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eventerwannabe 12-06-2011 11:30 PM

Outward pointing hooves--Just have a few questions
 
So I'm horse shopping... AGAIN. -.- But I found a REALLY cute 16.3hh 9yo TB gelding in my area. I like the looks of him, he is very stocky and would make a very pretty dressage horse. I emailed the owner and he said that his feet point outward, but aside from that he has never been lame and is healthy.

So is there a way to kind of correct it with trimming/shoeing? Or should I just not worry about it?

Would it interfere with him collecting or jumping? Would I get marked down at a show for it?

Any info would be great!!
Thanks

~*~anebel~*~ 12-06-2011 11:37 PM

Poor lower limb conformation can increase the occurence of osteoarthritis, especially ringbone.

I would advise X-raying the lower limbs of all 4 legs as part of your pre-purchase exam... a 9 y/o with this kind of conformation that has been ridden regularily would most likely already be showing arthritic changes related to his conformation. Why else would the horse be for sale?? There is always a reason!

Good luck!

trailhorserider 12-06-2011 11:42 PM

Quote:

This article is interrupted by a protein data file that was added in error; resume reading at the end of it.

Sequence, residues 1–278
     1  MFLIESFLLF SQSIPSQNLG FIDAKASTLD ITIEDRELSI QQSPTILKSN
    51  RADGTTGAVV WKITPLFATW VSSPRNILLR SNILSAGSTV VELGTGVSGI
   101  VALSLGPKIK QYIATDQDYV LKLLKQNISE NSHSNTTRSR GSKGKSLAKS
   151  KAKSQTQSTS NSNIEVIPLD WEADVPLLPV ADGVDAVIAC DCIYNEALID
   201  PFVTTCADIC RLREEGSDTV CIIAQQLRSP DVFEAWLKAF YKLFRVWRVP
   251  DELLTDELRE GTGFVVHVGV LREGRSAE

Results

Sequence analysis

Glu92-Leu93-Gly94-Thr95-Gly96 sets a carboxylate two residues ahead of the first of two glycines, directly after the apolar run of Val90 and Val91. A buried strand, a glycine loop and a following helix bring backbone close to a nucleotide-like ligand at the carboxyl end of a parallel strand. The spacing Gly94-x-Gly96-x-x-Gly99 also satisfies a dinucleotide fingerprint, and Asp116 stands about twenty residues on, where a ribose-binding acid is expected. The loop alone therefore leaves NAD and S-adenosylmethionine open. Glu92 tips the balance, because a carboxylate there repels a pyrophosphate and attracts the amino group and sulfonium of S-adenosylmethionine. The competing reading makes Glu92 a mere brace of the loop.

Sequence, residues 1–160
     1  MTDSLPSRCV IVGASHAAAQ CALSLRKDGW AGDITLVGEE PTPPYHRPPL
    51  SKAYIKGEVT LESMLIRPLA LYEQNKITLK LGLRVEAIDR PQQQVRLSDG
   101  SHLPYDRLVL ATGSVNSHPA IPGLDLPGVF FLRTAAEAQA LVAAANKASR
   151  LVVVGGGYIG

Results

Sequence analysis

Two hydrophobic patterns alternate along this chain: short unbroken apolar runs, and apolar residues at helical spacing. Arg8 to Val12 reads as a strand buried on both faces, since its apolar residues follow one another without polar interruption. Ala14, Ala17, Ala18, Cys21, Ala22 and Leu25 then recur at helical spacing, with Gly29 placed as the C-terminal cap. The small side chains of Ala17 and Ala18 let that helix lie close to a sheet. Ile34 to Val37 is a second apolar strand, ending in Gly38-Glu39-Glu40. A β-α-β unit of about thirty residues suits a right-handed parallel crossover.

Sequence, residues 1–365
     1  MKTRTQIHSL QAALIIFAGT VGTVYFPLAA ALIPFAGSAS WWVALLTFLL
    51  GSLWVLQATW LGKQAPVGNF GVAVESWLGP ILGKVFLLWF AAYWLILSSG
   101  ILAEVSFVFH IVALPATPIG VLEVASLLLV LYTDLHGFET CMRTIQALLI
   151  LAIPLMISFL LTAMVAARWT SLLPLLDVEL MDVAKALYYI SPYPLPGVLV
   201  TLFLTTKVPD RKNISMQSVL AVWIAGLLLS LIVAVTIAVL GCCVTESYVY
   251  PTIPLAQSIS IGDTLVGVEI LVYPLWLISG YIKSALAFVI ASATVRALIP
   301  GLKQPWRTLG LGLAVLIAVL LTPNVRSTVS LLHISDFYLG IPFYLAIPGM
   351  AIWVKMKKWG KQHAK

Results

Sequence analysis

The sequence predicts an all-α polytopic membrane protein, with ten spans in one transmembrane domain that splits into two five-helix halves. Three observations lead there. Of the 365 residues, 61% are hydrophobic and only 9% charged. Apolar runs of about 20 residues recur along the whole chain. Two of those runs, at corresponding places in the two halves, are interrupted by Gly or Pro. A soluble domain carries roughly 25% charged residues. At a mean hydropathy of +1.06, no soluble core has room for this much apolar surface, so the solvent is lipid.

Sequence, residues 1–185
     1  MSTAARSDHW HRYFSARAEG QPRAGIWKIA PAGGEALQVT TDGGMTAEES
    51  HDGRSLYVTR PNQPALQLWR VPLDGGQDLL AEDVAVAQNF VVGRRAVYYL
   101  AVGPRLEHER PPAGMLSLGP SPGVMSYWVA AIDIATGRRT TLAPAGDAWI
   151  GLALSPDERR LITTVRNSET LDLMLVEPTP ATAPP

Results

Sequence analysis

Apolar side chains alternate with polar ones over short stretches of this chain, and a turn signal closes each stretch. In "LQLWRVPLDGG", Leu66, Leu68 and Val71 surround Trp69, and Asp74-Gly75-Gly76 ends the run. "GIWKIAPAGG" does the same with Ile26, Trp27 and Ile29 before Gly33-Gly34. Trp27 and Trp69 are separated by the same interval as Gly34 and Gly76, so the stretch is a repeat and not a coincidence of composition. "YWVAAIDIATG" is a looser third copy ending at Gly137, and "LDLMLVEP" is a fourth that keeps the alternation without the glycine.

Originally Posted by ~*~anebel~*~ (Post 1257003)

... a 9 y/o with this kind of conformation that has been ridden regularily would most likely already be showing arthritic changes related to his conformation. Why else would the horse be for sale??

Good luck!

Umm, because horses of every shape, size and conformation come up for sale all the time? I have yet to meet a perfect horse. And conformation faults can be subjective.

Horseman56 12-06-2011 11:49 PM

Quote:

Originally Posted by eventerwannabe (Post 1256993)
So is there a way to kind of correct it with trimming/shoeing?

Nope. Toeing out is a congenital, conformational defect. While there are certainly some practitioners that will attempt to "correct" such defects in a mature horse, it's a worse than poor idea.

Quote:

Or should I just not worry about it?
There's little sense in worrying about things we can't change.

Quote:

Would it interfere with him collecting or jumping?
A conformational defect in the limb is going to represent at least some degradation in performance potential. Exactly how much is impossible to say without seeing the horse.

Given that the seller felt it important to mention the problem, there's fair reason to presume the defect is significant. It's a buyers market and there are lots of good horses available.

Quote:

Would I get marked down at a show for it?
Odds are better than good that the average rider will find many opportunities to get "marked down" that have nothing to do with whether their horse is toed-out or not.

Cheers,
Mark

trailhorserider 12-06-2011 11:49 PM

Quote:

Originally Posted by eventerwannabe (Post 1256993)
So is there a way to kind of correct it with trimming/shoeing? Or should I just not worry about it?

No, you should not try to fix it on an adult horse because the growth plates are already closed and you can cause the lameness problems you are hoping to prevent.